Looking back through my archives, I find it amusing that my third article for StarCityGames was about Money and Magic. I have touched on that issue repeatedly, every couple years.

Ditto the Standard is cheaper than / more expensive than Vintage.

I just keep changing sides.

All the Other Formats

I love unusual formats. It is fun, sometimes, to start deck building from scratch, without having the ability to net deck. I’ve written about a lot of alternative formats over the years. Some were true one-offs, like the Mono-Green St. Patties day multiplayer, Gencon Emperor and Creature Feature. Some were more widely played, like Online Emperor and Elder Dragon Highlander. I have also written a lot of multiplayer stuff, and at least one strange format compilation article.

And, of course I have written a ton of multiplayer and casual articles.

Set Reviews & Base Set Rotations

I have written a lot of set reviews in the past. I may do one for Time Spiral. There are three problems, however, which offset the fact that set reviews are easy meat for writers searching for topics. The problems are: 1) Everyone writes a set review. 2) Real tech and ideas can often become their own articles, so the reviews tend to say very little. 3) When you read your reviews a few years later, you kick yourself.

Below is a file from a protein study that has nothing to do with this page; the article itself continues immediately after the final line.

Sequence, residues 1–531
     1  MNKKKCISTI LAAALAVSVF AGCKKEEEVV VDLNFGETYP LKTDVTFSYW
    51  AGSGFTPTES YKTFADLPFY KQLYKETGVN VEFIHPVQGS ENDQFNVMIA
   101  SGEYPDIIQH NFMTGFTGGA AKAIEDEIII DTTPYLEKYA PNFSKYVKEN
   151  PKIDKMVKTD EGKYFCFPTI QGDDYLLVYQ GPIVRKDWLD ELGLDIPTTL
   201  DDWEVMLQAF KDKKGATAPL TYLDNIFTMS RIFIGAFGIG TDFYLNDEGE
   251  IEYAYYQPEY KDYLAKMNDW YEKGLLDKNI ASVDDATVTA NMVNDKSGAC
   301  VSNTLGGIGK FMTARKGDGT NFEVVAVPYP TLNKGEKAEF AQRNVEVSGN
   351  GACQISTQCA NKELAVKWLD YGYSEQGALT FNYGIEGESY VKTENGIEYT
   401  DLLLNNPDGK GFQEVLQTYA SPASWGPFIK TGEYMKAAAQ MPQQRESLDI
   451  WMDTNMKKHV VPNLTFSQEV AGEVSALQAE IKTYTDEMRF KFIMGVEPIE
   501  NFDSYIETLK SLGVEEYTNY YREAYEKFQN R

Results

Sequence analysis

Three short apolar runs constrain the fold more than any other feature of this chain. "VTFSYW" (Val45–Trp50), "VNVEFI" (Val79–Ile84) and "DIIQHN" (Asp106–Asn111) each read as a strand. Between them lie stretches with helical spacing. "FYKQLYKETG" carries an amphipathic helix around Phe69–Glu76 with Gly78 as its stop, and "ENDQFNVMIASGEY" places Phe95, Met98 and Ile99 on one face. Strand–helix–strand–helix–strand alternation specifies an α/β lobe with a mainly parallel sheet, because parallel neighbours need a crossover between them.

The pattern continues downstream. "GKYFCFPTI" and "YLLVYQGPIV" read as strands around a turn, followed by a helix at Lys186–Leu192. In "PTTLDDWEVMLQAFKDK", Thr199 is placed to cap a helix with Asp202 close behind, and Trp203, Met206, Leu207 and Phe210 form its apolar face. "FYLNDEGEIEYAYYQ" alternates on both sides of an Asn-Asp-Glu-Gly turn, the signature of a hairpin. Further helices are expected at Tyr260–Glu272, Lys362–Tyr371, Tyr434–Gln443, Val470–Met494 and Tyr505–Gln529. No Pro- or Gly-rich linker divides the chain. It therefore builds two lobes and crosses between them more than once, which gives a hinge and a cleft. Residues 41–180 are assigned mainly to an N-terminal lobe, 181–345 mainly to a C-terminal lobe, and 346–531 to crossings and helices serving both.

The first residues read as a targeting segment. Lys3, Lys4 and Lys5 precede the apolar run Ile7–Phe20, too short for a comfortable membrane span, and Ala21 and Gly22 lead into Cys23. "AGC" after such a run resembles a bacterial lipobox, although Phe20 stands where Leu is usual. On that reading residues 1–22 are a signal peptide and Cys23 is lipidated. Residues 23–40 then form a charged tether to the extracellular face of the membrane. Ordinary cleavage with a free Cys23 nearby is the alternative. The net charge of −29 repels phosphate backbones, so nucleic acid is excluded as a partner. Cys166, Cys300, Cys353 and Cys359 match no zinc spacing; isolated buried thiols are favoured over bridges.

Soulblast is quite a card. For a measly 3RRR, you fling every creature you have at an opponent. That is quite a finisher. What is even better, in a multiplayer game, you could Radiate it. Expensive, but it could end the game with a bang. On the down side – is this the Volcanic Wind (Volcanic Win) of this block?

You kick yourself HARD.

I’m thinking I won’t do a Time Spiral review.

I have also written a few columns on what cards should go in the base set. I started these way back before Seventh Edition – before Sixth, but not on StarCityGames. I wrote a long piece about choosing cards for Eight Edition. Here’s some highlights of what I wanted to add to – and remove from – the basic set back then. Additions first:


A lot of what I suggested happened – and even some marginal stuff like Dancing Scimitar wound up in one set or another. Better yet, the stuff I argued should disappear pretty much has.